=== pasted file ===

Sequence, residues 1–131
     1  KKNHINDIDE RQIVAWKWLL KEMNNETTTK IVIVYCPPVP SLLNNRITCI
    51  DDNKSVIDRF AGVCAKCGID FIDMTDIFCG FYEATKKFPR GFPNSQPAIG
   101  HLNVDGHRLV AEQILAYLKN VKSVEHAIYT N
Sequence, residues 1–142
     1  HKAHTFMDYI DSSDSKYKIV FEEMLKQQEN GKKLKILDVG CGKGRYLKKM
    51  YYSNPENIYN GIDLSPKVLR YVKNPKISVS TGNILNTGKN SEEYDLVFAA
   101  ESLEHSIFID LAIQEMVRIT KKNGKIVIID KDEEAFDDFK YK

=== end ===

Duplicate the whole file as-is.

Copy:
Sequence, residues 1–131
     1  KKNHINDIDE RQIVAWKWLL KEMNNETTTK IVIVYCPPVP SLLNNRITCI
    51  DDNKSVIDRF AGVCAKCGID FIDMTDIFCG FYEATKKFPR GFPNSQPAIG
   101  HLNVDGHRLV AEQILAYLKN VKSVEHAIYT N
Sequence, residues 1–142
     1  HKAHTFMDYI DSSDSKYKIV FEEMLKQQEN GKKLKILDVG CGKGRYLKKM
    51  YYSNPENIYN GIDLSPKVLR YVKNPKISVS TGNILNTGKN SEEYDLVFAA
   101  ESLEHSIFID LAIQEMVRIT KKNGKIVIID KDEEAFDDFK YK